Not My Job: 3 Questions For 'Good Girls' Star Retta About Good Boys Retta is best known for her role as Donna on the hit comedy Parks and Recreation. She has just published a book of essays called So Close to Being the Sh*t, Y'all Don't Even Know.
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Not My Job: 3 Questions For 'Good Girls' Star Retta About Good Boys

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Not My Job: 3 Questions For 'Good Girls' Star Retta About Good Boys

Not My Job: 3 Questions For 'Good Girls' Star Retta About Good Boys

Not My Job: 3 Questions For 'Good Girls' Star Retta About Good Boys

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  • <iframe src="https://www.npr.org/player/embed/614449902/614688509" width="100%" height="290" frameborder="0" scrolling="no" title="NPR embedded audio player">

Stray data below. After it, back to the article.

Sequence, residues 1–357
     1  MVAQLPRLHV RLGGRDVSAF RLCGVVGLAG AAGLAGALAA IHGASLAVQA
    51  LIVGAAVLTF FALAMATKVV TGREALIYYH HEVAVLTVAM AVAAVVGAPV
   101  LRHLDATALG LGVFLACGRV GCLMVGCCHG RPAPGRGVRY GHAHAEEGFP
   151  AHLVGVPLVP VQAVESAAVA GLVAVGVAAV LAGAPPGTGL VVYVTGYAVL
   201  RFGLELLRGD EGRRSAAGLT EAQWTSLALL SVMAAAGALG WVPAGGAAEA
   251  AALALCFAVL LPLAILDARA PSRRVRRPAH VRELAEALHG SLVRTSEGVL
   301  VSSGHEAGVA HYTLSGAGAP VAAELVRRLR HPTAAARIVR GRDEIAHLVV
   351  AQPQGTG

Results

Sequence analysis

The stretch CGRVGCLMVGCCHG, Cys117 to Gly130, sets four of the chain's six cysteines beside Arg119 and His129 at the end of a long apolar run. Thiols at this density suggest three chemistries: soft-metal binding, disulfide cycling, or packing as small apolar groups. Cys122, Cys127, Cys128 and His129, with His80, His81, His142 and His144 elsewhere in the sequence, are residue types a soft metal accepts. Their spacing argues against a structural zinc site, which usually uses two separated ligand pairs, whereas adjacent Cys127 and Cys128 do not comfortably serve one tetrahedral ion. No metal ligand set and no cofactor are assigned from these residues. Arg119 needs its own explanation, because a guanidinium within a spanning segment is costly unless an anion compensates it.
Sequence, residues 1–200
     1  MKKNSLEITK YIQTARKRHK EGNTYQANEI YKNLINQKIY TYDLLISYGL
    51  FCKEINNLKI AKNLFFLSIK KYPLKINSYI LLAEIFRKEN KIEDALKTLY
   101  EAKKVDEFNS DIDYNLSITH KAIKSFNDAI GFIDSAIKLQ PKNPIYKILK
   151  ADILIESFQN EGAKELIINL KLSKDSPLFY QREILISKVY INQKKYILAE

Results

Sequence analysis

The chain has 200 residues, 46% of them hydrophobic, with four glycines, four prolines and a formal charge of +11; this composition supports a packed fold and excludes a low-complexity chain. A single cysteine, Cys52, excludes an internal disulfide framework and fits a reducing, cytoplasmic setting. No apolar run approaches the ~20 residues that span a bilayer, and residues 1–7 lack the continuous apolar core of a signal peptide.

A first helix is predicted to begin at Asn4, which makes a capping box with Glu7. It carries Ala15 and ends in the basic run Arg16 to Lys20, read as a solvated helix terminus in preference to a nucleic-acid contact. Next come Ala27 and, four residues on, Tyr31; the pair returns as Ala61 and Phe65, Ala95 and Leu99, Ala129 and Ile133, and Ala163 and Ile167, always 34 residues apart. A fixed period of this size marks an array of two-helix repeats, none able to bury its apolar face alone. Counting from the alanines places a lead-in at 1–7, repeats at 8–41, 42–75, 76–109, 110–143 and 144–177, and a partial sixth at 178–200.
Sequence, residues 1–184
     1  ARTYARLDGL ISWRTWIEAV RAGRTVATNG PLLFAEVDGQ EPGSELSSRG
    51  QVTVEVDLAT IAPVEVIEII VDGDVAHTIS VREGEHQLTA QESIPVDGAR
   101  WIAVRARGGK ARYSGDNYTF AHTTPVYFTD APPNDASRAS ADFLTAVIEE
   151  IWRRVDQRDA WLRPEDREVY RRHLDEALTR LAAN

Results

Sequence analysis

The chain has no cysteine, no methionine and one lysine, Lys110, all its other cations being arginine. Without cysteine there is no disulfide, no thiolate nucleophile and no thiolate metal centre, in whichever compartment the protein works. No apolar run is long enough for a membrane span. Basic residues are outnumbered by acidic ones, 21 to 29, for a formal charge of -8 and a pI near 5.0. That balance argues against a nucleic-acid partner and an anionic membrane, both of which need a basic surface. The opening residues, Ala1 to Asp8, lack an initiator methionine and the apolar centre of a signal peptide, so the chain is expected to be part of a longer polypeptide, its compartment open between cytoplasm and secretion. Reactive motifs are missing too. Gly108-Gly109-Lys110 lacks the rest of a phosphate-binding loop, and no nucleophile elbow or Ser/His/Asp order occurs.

• Transcript
Brent N. Clarke/Invision/AP
Retta arrives at DAR Constitution Hall in Washington, D.C., on April 29, 2017.
Brent N. Clarke/Invision/AP

Retta is best known for her role as Donna on the hit comedy Parks and Recreation. And she has just published a book of essays called So Close to Being the Sh*t, Y'all Don't Even Know.

Retta is currently starring in NBC's series Good Girls, so we've invited her to play a game called: "Good boy, that's a good boy!" Three questions about doggies who have been on their best behavior.

Click the audio link above to see how she does.

HELEN HONG, HOST:

And now the game where we ask talented people to do something that requires no skill whatsoever. It's called Not My Job. The comedian and actor Retta is best known for her role as Donna on the hit comedy "Parks And Recreation." She currently stars on NBC's new series "Good Girls" and she has a book out next week called, "So Close To Being The [expletive], Y'all Don't Even Know." Retta, welcome to WAIT WAIT... DON'T TELL ME.